This massive potential for instability, and the impact it can have on business, seems to be common. On the second day I was with Emma, she received a call from a farmer interested in buying £25,000 worth of sheep, a sale which would enable her to fully launch her children’s clothing line. Two days later, she discovered that the farm she had just bought 5 alpacas from had gone down with TB. Her new alpacas now needed to be quarantined and potentially culled. It’s possible she won’t receive any compensation, which would be a serious financial loss. Fortunately, due to her stringent quarantine rules for new livestock, the rest of the herd weren’t affected.

 

So farming is a risky business and your success or failure can completely depend on external factors.

 

I did have the opportunity to visit a dairy farm which was booming, however. The Cornish Gouda Company was started by the 19-year-old son of dairy farmers, whose farm was on the brink of failure. He decided to diversify and produce the hand-crafted artisanal Gouda, which have since won awards up and down the UK. Whilst the smell coming from the cow shed quickly indicated that I will never be a dairy farmer personally, I have the upmost admiration how successfully they have turned their business around to create a desirable product.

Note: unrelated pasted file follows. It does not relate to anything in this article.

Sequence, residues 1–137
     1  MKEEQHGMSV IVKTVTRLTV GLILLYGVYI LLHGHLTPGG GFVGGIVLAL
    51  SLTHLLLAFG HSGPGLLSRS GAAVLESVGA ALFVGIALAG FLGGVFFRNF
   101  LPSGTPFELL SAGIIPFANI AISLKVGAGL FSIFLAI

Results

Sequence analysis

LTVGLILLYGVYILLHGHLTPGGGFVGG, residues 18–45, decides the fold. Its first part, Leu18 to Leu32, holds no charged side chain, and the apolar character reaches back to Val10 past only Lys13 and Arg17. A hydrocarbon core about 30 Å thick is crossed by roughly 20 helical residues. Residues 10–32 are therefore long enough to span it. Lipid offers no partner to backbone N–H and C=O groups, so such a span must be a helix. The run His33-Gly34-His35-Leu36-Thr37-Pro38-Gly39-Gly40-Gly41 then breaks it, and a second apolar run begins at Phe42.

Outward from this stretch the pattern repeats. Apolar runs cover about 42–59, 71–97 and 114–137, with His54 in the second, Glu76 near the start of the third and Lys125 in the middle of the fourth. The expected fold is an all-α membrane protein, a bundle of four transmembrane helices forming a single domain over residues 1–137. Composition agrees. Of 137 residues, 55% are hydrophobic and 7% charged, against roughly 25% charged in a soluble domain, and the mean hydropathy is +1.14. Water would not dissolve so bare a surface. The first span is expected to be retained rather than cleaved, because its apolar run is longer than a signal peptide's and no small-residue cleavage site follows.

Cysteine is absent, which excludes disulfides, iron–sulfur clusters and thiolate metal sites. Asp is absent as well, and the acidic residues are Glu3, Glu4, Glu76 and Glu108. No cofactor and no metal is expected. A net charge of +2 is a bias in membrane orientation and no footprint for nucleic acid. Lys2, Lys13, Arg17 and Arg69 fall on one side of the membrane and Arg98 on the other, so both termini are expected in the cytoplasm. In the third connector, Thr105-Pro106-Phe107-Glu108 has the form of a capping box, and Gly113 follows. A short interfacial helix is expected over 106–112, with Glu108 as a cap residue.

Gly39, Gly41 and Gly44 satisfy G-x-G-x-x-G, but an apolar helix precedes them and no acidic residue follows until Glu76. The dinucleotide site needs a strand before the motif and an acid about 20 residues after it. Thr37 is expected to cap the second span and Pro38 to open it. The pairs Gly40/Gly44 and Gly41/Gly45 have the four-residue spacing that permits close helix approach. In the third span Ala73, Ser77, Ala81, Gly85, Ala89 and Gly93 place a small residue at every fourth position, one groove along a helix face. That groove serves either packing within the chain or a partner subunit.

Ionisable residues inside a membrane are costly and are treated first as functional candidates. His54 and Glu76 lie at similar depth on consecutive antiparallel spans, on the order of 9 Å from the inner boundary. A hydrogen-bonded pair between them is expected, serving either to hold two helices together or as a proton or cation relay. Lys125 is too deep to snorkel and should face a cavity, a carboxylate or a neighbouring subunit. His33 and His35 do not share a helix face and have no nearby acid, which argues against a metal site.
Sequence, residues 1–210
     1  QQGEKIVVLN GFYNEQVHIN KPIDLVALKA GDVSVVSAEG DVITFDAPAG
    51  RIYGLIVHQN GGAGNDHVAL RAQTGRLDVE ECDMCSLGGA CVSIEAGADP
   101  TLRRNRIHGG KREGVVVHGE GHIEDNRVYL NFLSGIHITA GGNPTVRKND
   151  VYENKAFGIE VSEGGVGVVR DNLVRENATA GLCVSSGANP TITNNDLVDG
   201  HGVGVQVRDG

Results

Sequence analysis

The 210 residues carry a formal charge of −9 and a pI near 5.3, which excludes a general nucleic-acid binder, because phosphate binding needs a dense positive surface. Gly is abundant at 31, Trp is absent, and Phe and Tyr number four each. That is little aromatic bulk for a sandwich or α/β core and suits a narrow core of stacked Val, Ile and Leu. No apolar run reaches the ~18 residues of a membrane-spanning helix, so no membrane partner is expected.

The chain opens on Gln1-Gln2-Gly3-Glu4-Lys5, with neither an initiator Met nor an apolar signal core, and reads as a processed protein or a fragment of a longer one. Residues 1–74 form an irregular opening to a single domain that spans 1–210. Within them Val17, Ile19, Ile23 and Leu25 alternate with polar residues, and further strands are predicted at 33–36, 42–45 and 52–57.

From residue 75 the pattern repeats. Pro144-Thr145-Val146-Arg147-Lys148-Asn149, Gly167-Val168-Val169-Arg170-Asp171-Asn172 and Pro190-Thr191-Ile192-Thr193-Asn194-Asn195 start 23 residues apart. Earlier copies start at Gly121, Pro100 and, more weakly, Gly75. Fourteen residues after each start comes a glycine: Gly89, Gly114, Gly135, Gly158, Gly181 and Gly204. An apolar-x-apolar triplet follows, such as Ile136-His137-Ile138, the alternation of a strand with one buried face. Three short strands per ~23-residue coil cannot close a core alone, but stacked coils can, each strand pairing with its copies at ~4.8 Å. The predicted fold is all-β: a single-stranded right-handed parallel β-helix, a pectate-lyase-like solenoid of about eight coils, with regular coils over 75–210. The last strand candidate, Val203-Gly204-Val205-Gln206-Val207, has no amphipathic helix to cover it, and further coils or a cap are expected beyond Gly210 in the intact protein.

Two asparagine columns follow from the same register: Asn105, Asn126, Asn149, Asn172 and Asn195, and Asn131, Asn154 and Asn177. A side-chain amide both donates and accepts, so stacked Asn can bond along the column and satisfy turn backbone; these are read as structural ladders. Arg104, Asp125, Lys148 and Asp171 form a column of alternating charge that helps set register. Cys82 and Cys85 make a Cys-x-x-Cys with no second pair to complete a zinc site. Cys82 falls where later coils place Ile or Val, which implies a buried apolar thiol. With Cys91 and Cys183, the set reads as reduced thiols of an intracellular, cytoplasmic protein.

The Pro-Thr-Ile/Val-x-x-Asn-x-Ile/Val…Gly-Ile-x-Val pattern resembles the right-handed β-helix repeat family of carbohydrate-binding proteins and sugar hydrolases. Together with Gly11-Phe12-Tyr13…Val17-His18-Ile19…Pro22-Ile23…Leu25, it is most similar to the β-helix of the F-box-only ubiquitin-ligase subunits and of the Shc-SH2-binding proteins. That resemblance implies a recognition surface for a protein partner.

I tried some cheese, it was great.

 

What Did I Actually Do?

 

Much of my time with Emma was taken up with the day-to-day running of the farm and care of the animals. This meant feeding them, adding fresh layers of straw as bedding for the ewes and lambs in the barn, and best of all, bottle feeding a couple of the lambs. It also meant getting involved in some of the husbandry tasks, such as cleaning sheep and alpaca feet and cutting toenails, de-worming and giving vitamin supplements, as well as helping out with lambing.

With a lamb urinating on her arm, Emma gave another nugget of wisdom; ‘farming is all about fluids.’

This should have turned my city-girl stomach and sent me running. But I loved my time there and getting stuck in. Even when it was raining, cold and I had an unknown animal fluid in my glove, I loved it.

 

I found the physical work incredibly satisfying, as well as thoroughly enjoying working so closely with the animals. I also loved learning about the farming industry and getting a better idea of where food actually comes from, along with the challenges that poses.

 

The Verdict

Turns out I loved farming, even in January.

 

This is the first career I have tried so far where I have sat back and thought, this could be the one. It combines the great outdoors and being close to nature, with the intellectual stimulation of innovative entrepreneurialism. It is unlikely that I would be able to make a real difference and have a strategic influence, however it is not necessarily impossible to combine these – what I would learn about agriculture and animal husbandry could be transferred to the policy advice and international development worlds, if that was what I decided I wanted.

 

Whilst farming is not something I could realistically do for mostly financial reasons for several years yet, I would like to start by doing something, even if it’s just keeping a couple of chickens.

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This article is also available on the blog, along with the interview of Debbie Kingsley.